Mineral Wells Index, Mineral Wells, TX

September 30, 2012

The secret of writers’ conferences

Mineral Wells Index

By Gerald Warfield | Special to the Index

If you’ve written a story or a few poems or have a novel sitting in a drawer, you might want to consider going to a writers’ conference. They can provide inspiration, motivation, and lots of information. And don’t overlook camaraderie. Writing is a solitary process. Sometimes authors collaborate, but for the most part, writing is a long and lonely process.

The first thing to know about writers conferences is that there are different kinds, usually geared for a specific area or genre. There are conferences for romance writers such as The Lone Star Writer’s Conference, coming up Oct. 13 and sponsored by the Northwest Houston Romance Writers Association, and there’s a Fort Worth conference for Christian writers held in June at the Bethesda Community Church.

A writers’ conference that’s close to home and only one day long is Books ‘n Authors ‘n All That Jazz, held at Weatherford College. There’s entertainment, award presentations for poetry and short stories, seminars on writing and publishing, and a lot of vendors representing small presses and writers’ services.

I recently went to the annual FenCon convention held in Dallas. Its focus is speculative fiction, which is fantasy, science fiction and horror. The astronaut Stanley Love was on hand to talk to science fiction fans and writers. If you write about outer space, he said, you better get the facts right. Love demonstrated what would be involved in a manned space flight to Mars.  The 32-month mission would require a ship the size of the International Space Station to accommodate a crew of six. Six is the optimal number decided on by psychologists for a long trip in close quarters.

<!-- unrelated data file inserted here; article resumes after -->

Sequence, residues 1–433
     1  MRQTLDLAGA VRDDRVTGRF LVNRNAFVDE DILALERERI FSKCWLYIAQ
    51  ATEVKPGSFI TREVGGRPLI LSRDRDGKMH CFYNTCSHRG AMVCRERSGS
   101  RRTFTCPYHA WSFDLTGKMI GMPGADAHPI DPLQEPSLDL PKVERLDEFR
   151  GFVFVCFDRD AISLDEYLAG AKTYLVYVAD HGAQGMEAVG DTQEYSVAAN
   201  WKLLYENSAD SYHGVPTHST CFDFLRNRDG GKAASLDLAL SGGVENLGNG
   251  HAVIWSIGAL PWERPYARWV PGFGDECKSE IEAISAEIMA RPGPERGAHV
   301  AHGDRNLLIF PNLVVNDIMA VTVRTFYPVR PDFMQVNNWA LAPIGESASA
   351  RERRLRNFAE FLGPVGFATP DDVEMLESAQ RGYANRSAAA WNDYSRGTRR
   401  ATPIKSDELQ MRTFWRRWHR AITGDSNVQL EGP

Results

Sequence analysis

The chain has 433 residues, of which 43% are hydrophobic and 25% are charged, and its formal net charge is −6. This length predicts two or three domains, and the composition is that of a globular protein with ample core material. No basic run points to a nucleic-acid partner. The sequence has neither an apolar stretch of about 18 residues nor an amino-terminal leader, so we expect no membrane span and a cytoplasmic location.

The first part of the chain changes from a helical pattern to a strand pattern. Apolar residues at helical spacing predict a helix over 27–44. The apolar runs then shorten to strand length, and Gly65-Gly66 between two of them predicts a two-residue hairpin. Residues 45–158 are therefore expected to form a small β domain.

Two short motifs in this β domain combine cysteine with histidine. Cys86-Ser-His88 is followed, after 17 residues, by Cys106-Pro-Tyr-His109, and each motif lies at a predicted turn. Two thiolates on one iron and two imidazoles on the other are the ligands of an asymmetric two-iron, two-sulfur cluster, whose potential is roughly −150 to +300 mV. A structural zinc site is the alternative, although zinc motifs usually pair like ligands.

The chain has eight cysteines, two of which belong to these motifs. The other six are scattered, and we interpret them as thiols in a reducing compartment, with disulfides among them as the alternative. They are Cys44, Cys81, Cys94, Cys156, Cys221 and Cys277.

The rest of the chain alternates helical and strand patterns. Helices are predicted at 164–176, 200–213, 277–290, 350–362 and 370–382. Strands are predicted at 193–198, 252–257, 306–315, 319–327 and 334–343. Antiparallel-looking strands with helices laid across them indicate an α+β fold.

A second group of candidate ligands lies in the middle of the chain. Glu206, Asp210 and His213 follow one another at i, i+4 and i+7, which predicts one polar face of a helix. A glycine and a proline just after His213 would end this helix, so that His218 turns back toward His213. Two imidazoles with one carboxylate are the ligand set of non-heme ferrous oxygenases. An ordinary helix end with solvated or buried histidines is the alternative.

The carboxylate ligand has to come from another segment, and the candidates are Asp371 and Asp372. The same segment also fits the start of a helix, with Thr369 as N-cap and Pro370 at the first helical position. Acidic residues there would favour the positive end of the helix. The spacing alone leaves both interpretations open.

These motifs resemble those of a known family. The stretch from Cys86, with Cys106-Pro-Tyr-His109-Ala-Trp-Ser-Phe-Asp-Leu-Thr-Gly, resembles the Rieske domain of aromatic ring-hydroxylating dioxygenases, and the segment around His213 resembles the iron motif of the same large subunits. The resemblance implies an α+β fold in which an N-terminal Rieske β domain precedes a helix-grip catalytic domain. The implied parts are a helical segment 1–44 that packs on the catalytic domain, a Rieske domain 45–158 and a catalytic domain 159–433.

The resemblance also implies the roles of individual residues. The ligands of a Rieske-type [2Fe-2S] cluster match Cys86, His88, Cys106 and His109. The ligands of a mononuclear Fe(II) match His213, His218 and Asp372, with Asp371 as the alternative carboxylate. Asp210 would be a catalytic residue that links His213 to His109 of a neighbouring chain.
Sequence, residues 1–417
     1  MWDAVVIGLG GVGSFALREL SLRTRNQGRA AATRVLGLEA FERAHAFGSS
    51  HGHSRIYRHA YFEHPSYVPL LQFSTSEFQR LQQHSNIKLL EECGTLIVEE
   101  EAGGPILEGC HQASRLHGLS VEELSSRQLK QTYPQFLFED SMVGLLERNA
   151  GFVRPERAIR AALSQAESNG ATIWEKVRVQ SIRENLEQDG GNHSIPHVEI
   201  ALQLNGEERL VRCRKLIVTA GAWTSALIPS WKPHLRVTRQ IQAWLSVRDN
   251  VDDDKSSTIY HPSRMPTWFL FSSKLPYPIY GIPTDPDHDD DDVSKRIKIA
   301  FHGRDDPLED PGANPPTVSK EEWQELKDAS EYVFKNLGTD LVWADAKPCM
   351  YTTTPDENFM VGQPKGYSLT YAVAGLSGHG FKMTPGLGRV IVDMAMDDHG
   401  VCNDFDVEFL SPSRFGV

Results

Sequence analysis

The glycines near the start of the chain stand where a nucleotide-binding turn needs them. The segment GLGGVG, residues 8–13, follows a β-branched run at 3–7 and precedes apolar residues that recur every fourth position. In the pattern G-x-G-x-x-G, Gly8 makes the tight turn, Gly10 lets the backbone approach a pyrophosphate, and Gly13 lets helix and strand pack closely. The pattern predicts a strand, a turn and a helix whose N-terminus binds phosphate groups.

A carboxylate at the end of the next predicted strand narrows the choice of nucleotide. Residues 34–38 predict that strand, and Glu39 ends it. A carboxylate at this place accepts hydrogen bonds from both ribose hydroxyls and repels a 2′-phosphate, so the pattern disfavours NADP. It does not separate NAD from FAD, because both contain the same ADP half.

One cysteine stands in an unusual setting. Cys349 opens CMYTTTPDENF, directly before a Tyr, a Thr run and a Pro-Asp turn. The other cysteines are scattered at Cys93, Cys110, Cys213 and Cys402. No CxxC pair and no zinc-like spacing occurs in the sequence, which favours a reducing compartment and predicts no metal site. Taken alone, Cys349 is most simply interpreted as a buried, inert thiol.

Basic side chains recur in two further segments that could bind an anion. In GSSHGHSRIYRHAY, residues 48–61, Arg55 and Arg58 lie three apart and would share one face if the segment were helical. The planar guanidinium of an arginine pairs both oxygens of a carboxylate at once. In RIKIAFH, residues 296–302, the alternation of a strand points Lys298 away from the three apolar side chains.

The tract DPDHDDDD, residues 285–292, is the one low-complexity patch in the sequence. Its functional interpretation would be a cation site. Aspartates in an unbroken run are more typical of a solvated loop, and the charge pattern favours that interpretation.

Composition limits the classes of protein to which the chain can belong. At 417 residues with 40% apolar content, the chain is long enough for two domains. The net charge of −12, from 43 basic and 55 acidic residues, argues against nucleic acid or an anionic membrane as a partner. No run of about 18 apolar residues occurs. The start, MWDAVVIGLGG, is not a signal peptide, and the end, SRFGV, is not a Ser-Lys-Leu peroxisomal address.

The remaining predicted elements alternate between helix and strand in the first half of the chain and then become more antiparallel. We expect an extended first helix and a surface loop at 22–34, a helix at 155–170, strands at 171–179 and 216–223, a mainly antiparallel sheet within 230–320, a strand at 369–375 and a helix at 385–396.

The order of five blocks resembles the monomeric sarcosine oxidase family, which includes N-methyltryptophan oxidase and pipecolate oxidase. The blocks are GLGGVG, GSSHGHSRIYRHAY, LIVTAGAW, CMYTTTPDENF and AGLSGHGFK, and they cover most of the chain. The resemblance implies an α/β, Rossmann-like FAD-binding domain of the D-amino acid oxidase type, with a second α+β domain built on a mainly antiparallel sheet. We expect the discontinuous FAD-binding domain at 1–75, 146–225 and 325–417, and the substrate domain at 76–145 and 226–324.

I asked him if there was any thought of using the current space station to go to Mars, and he said that they joked about that at NASA, but for now the station isn’t designed for such a flight. The solar panels, for instance, could not provide sufficient power at the increased distance from the sun.   

The conference, held at the Crowne Plaza Hotel, lasted for two-and-a-half days. Some people who came were fans, and for them there was everything from entertainment, rare movies, games, costumes to activities for kids. People stalked the halls in costumes, some quite elaborate.

There were panels like “Playing God with Controversial Science,” “Plans for Near-Asteroid Mining,” and even sessions on makeup, fairy tales and the future of comics.

I chaired a panel entitled “Alien Languages in Science Fiction and Fantasy.” One of our panelists was the renowned writer C.J. Cherryh, author of “The Cuckoo’s Egg” and 60(!) other books. If you like science fiction or fantasy, drop by the Book Satchel to see some of her books.

Writers say they come to conferences like FenCon to learn the ins and outs of writing and to network. But psychologists tell us that the most compelling reason people go to conferences is the desire to belong, to be one of the group. That’s the secret of writers’ conferences, and it rings true for me. So, if you want to be a writer, give a conference a try.

Gerald Warfield is an award-winning writer of fantasy and science fiction. See his website at www.geraldwarfield.com.